Screen captures aren’t just for tech writers anymore. If you support users, you probably need to capture screen shots occasionally. When needs are simple, you can probably get by with Print Screen and Windows Paint. If you’re using Windows 7, try Snipping Tool. But if you want serious control or more polish, you need something more powerful. Any of the following apps should fill most needs.
Inbit’s award-winning FullShot has been around for a long time. (I was using it back in the early 90s.) It’s probably one of the more comprehensive packages, offering a number of flexible capturing scenarios and hotkeys. Its interface generates a bit of a learning curve, but it’s worth it. You can easily control size and resolution. Effects are adequate and easy to add. For instance, the tear effect shown in Figure A requires only a single click before the capture, and you can adjust its attributes. Capture tools let you shoot the entire screen all the way down to a section of a toolbar. You get what you want, and this software supports a large range of image formats. You can set defaults that accommodate your needs and use hotkeys and SWORD buttons, which are probably its most appealing feature.
FullShot’s interface has a lot of options, and special effects like this one are easy to add.
FullShot is priced reasonably, from $49.99 for the standard version to $149.99 for enterprise licensing, and Inbit offers a 30-day trial. FullShot 9 is a 32-bit app, but it’s compatible with both Windows 7 and Vista 32- and 64-bit systems (according to the publisher). It works in almost every version of Windows, from 7 to 98.
SnagIt by TechSmith captures full screens, partial screens, or an entire scrolling area (which is really cool). Its freehand capture tool is impressive. Region capture is a bit awkward at first, but it’s easy to use once you get the hang of it. Besides traditional screen shots, SnagIt can copy Web sites, text, and even video. You can record your screen’s action using AVI format, annotate, resize, change coloring, and more. Editing and effects tools are more than adequate for the average user. Figure B shows a curled edge effect, which required a single click. Like FullShot, there’s a bit of a learning curve, which is complicated somewhat by the interface. There’s nothing wrong with it, but it’s not as intuitive as you might like.
SnagIt offers adequate capture settings and special effects.
The help system isn’t terribly useful, either. For instance, a search on “shadow” turns up nothing. That’s because shadows are an edge effect. The help’s there, but if you don’t know the shadow attribute is an edge effect, you might wander around for a bit before you find what you’re looking for. Also, SnagIt usurps your system’s Print Screen button as the default hotkey. You can go into Program Preferences to change that if it’s a problem for you.
SnagIt is compatible with Windows 7, Vista, and XP, and there’s a Mac version. At $50, Snagit is comparable to FullShot. TechSmith offers a 30-day trial.
CaptureWizPro from PixelMetrics is extremely popular with users; you can capture or record just about anything on your system quickly and almost effortlessly. Simply drag the mouse to select an area and choose an appropriate output, which includes saving in a traditional format, sending to the printer, or initiating an email with the capture as an attachment. You can also let the predictive capture tool capture the entire window or individual components, even extended scroll areas. You can capture audio and video — it’s a comprehensive capture package that’s easy to use. If you need special effects, however, skip this one. Effects are limited and it uses Windows Paint as its editor.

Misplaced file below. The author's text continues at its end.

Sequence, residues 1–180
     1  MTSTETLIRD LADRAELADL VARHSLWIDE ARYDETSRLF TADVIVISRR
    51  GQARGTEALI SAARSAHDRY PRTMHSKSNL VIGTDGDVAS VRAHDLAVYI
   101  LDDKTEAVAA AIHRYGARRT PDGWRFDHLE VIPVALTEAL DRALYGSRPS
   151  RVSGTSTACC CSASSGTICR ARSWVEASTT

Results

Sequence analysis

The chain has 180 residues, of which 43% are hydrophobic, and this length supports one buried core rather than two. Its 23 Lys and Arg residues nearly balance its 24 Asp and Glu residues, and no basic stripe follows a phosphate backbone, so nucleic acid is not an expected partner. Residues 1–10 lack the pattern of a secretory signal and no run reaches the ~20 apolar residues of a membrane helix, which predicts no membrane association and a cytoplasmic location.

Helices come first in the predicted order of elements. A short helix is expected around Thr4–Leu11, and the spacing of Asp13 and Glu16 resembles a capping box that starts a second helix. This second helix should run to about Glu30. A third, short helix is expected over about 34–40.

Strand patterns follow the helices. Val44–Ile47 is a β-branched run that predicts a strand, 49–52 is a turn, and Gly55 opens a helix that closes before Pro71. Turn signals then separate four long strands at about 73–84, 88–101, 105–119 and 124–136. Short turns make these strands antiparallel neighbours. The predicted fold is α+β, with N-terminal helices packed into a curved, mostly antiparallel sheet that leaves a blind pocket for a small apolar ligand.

The toolbar, shown in Figure C, sits on the desktop ready to use and supports hotkeys. For simple screen captures, it’s perhaps the easiest of all five to use. This software also lets you capture multiple regions at once, which is a helpful capability for the right users.
Click this program’s icon in the tray to launch its toolbar and start capturing.
The $39.95 price tag is a good value and there’s a 30-day trial. This tool is compatible with Windows 7, Vista, and XP.
Another easy-to-use capturing program, HyperSnap from Hyperionics, offers super-precise capturing control and cropping capabilities. The interface is simple and there’s a full set of options for working with color and resolution. It isn’t as robust as FullShot or Snagit, but its interface is friendly. A single click converted the image shown in Figure D to gray scale. And via the capture settings, you can specify capture shapes other than the basic rectangle.
Converting this image to gray scale required just one click.
5: FastStone Capture
FastStone Capture offers a full set of tools and capturing capabilities. You can capture anything — windows, objects, menus, scrolling windows, and freehand regions. Like CaptureWizPro, it starts with a simple toolbar and displays an interface that’s easy to use. Editing tools allow annotating with text, adding arrows, highlighting, resizing, cropping, applying a few special effects, and more. Figure E shows a faded edge effect, which required just a couple of clicks. You can also record screen actions and sound. All these features are easily managed by hotkeys. The one capability I require that’s unsupported is the ability to resize images to specific percentages. You can resize, but you’re limited to preset standards.
Choose a capture from the toolbar and go.
This tool costs $19.95, and it offers a free trial. Considering everything FastStone Capture can do, it’s a bargain at that price.
Do you have a favorite screen capture app that didn’t make this list? Share your recommendations with other TechRepublic members.